We usually celebrate the people who do more, help out, are supportive, and make us feel good. But do you also appreciate the people in your life who tell you “no”?
Similarly, are you free to say “no”? Or are you only appreciated if you are always saying “yes”?
It often takes courage and personal power to stand up and say “no” — especially if yours is the only voice doing so. When this happens, it’s a sign that the culture is one of approval, not of authenticity…. which indicates that some of the voices in the circle are being marginalized, repressed, or silenced. Translation: no one is experiencing psychological safety, and everyone is losing.
We only see what we can see from where we metaphorically sit. And if we make decisions based on feedback from only the people who agree with us, we’re operating blind. The people who disagree with us are our best asset, because they see what we don’t see. But, if they aren’t free to disagree because of the high premium the culture places on approval, their value is lost.
This is equally true in a relationship, a family with teenagers, and at work with your boss. Ultimately, a culture of approval creates cognitive dissonance. If left unchecked, one of two things will happen:
1. The people who disagree with the culture will leave it in search of a place where they can be authentic.
2. Disagreement will come out in covert ways like internal sabotage, dissatisfaction, and rebellion.
Fostering psychological safety is one of the most important functions of any leader.
Healthy leaders (bosses, management, teachers, coaches, parents, etc.) foster a culture of authenticity from the top of the hierarchy. They encourage disagreement and can weave together productive solutions from differing points of view. If that leader is you, take a stand for authenticity as it leads to real progress. If you’re not (yet) in the leadership role, start asking for it, noticing it, and speaking up for it when you notice its absence.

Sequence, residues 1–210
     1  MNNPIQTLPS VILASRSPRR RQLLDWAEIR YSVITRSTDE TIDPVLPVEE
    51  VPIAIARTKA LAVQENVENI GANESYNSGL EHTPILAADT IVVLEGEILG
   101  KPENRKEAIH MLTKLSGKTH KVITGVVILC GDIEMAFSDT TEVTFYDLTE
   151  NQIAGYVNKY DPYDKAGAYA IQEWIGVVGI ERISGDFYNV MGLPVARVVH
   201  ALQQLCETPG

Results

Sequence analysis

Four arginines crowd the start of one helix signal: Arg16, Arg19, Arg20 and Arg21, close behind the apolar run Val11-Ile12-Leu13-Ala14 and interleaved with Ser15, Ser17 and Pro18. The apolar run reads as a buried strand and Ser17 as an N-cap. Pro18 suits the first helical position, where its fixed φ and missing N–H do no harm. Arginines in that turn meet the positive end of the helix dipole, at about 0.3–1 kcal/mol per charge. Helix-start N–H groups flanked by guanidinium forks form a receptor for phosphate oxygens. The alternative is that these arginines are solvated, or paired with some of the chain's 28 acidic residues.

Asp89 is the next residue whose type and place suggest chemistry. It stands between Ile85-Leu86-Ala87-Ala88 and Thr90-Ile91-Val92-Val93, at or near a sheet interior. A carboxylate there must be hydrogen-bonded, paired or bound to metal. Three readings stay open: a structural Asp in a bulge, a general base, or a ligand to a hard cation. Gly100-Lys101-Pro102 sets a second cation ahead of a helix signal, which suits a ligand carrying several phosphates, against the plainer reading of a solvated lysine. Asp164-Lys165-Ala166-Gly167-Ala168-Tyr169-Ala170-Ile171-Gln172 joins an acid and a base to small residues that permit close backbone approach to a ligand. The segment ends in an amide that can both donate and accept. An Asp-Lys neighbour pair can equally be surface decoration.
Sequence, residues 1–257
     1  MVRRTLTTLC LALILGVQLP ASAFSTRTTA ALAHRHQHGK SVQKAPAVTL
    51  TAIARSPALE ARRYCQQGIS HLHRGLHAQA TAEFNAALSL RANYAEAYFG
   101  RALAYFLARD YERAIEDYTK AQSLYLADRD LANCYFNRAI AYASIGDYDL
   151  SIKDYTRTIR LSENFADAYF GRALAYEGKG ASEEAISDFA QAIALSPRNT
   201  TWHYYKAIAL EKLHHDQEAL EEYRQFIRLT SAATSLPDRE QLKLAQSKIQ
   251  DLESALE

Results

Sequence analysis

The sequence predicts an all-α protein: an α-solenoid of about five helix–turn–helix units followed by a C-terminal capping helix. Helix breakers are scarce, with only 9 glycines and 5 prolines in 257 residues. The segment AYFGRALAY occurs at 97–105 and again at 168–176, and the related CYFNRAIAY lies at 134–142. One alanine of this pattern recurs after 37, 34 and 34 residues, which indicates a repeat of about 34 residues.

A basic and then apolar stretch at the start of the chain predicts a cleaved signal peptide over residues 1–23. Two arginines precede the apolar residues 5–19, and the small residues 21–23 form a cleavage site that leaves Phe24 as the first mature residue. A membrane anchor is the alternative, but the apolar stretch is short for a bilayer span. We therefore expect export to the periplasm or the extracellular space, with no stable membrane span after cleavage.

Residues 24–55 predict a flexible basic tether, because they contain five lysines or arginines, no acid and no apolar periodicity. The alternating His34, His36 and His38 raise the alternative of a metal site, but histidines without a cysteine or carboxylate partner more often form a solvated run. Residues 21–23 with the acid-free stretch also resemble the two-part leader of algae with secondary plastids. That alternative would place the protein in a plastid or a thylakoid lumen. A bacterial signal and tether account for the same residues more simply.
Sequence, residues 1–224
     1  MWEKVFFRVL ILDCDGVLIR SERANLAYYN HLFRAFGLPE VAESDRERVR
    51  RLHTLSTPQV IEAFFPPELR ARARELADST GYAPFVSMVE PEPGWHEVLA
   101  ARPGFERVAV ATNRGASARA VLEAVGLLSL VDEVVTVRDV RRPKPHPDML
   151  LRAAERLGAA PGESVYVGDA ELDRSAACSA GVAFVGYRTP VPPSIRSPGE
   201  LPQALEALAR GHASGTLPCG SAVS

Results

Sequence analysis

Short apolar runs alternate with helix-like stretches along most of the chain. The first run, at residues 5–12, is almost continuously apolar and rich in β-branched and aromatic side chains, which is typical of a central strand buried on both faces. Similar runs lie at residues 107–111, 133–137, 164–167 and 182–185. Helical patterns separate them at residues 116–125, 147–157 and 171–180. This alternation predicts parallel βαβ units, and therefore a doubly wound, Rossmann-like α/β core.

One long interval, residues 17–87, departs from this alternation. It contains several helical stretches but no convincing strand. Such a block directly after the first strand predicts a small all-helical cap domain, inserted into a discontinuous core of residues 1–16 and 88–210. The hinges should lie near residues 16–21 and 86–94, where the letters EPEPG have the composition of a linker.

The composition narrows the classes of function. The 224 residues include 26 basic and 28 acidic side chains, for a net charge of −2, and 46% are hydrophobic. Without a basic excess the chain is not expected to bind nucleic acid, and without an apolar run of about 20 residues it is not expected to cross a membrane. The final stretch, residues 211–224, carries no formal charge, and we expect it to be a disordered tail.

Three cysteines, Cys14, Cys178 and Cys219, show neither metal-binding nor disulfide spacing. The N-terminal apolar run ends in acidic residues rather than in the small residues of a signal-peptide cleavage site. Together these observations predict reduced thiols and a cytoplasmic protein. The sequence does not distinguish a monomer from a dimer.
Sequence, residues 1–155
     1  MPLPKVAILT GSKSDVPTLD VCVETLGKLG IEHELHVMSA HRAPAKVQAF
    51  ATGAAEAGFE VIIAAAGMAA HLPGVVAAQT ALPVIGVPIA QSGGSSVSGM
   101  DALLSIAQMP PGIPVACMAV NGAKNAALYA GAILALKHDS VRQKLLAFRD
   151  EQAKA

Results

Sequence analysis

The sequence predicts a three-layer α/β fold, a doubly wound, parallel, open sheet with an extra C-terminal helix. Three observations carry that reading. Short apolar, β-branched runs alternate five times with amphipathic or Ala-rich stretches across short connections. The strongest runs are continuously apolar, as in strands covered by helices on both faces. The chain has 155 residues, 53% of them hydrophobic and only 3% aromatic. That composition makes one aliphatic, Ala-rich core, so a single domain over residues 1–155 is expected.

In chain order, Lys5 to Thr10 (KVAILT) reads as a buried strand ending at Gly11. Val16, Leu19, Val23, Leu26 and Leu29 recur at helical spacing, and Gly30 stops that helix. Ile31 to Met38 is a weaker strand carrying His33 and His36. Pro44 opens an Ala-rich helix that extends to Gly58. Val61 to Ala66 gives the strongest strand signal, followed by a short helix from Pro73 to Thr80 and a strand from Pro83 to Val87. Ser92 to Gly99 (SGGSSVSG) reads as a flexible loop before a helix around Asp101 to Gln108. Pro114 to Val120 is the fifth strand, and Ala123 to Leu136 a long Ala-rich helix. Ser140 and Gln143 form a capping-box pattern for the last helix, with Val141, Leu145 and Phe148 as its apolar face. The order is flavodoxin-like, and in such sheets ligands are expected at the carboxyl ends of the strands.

It can be difficult to hear “no” when we’re very attached to our own point of view. You’ll grow when you can set aside your own ideas and listen without judgment to the perspectives of others. You may not always understand, but if you trust that the people around you are as smart as you are, you hold the keys to real success.
“Don’t hire smart people and then tell them what to do. Hire smart people and let them tell YOU what to do.” – Steve Jobs
In a family, it is the same. Empower everyone to be seen and heard. Communicate the expectation of safety for disagreement and another point of view. Make sure you aren’t celebrating the people who always say “yes”.
Being respected, valued, and welcome to contribute in a context of psychological safety produces more than just good feelings. Humans have a hard-wired, biological need to belong, and the research shows that exclusion can negatively impact performance and productivity.
When you focus on creating psychological safety, you can help others feel included – which in turn, will foster the best possible results.